Have we ever heard of ‘Christian, Jewish, atheist’ terror?
The answer is yes. But do not tell President Recep Tayyip Erdoğan. He still claims that the world is so anti-Muslim that, in his words, “only if the perpetrator of a murder is a Muslim is this called ‘Islamic terror,’ while if the perpetrator belongs to a different faith [his act] is not even categorized as terror.” Since Mr. Erdoğan asked, “Have you ever heard of Christian, Jewish or atheist terror?” let us journalists try to help him understand. He still thinks “the perpetrator will be categorized as a terrorist only if he is a Muslim.” Mr. Erdoğan is wrong.
It is not true that mankind has viciously united to blame Muslims as terrorists. Christian Americans for several decades fought the – Christian - Ku Klux Klan that targeted African Americans, Catholics, Jews and other social and ethnic minorities. In its time, Ku Klux Klan was a terrorist group.
The “Anti-balaka” groups in the Central African Republic destroyed nearly all the mosques during the years of unrest in the country. They were anti-Muslim terrorists. Tripura in northeast India and Nagaland in eastern India were groups committed to acts of terror too, motivated by their Christian beliefs. In Uganda, the Lord’s Resistance Army was a violent quasi-religious movement that mixed aspects of Christianity with its own spiritualism.
During Lebanon’s civil war (1975-1990) organized groups of Maronite Christian militias perpetrated the Karantina and Tel al-Zaatar massacres of Palestinian and Lebanese Muslims. They were terrorists.
The Irgun, a Zionist paramilitary organization that operated in Mandate Palestine between 1931 and 1948, was described as a terrorist organization by the United Nations, Britain, and the United States, in media outlets such as the New York Times; and by the Anglo-American Committee of Inquiry, the 1946 Zionist Congress and the Jewish Agency.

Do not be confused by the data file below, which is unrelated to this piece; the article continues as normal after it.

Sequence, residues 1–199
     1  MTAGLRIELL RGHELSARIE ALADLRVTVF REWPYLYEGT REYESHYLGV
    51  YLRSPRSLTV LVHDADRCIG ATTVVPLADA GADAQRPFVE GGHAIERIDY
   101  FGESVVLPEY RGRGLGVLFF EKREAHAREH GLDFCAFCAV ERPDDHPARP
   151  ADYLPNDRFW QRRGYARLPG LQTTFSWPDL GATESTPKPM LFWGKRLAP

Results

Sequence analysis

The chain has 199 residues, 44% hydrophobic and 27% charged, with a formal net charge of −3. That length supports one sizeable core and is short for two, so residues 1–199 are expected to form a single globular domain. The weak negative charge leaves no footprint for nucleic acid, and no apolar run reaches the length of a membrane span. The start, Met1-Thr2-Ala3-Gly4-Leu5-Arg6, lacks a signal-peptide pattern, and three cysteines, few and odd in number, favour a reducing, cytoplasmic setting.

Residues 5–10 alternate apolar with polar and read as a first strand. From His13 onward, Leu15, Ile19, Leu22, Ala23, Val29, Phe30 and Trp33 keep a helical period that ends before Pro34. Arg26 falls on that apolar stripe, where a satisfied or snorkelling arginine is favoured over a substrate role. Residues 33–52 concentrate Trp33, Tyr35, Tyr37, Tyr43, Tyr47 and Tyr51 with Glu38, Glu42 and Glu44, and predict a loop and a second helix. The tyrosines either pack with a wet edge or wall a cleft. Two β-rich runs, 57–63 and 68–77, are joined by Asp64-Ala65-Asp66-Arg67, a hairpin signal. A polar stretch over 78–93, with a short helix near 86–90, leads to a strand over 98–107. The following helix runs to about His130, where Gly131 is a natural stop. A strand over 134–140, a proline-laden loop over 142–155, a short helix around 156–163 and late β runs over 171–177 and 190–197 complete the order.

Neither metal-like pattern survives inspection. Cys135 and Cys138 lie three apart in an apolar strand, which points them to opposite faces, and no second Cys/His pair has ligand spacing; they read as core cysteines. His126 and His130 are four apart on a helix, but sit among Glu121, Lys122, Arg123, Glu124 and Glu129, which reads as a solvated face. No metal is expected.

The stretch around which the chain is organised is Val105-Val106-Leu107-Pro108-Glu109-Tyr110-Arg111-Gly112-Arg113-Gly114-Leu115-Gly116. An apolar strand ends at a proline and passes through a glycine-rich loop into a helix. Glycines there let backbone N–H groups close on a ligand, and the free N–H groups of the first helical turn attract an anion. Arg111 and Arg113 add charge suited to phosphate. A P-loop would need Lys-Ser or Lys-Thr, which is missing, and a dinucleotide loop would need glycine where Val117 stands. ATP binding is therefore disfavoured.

Atheists? In 1929, at the Second Congress of Atheists in Soviet Russia, the Union of Belligerent (or Militant) Atheists was created. At the congress, Nikolai Bukharin, the editor of Pravda, called for the extermination of religion “at the tip of the bayonet.” Yemelyan Yaroslavsky, editor of the newspaper “Godless,” declared: “It is our duty to destroy every religious world-concept ... If the destruction of 10 million human beings, as happened in the last war, is necessary for the triumph of one definite class, then that must be done and it will be done.”
Then there was the infamous Anders Behring Breivik, the Norwegian white supremacist who in a solo act of terror killed 77 people in Norway in 2011. The world political literature remembers him as a white supremacist terrorist.
Mr. Erdoğan’s problem is not only about his lack of objectivity or his too thin Islamist skin. It is also about the way he defends his often radical ideas. He has an obsession about anyone associating anything bad with anyone Muslim, whereas the “Christians, Jews and atheists” are not subjected to the same obsession.
Mr. Erdoğan once said that he went to Sudan and “saw with his own eyes that there had been no genocide there.” He explained: “Muslims do not commit genocide.” Six decades earlier Christian Germans admitted that they committed genocide. Ask any Christian American and he would not tell you: “There has been no ethnic cleansing of Native Americans! Christian Americans never commit such crimes.”
If Mr. Erdoğan is sincere about how he diagnoses the problem about the bloodshed in the Muslim world, we must have absolutely no hope about an Islamic reform movement. Just two days ago he blamed the intra-Islamic bloodshed on “fitna,” an Arabic word that blames intra-Muslim fighting on Western conspiracies.
Denial is no cure. Muslims have suffered too long for the wrong diagnosis and wrong cure. Islamists’ self-perception of perfection and their powerful faith in anti-Western conspiracy will only add to the bloodshed they complain of. How would a religion that has been fighting between two main sects and hundreds of different sub-sects be at peace with other faiths?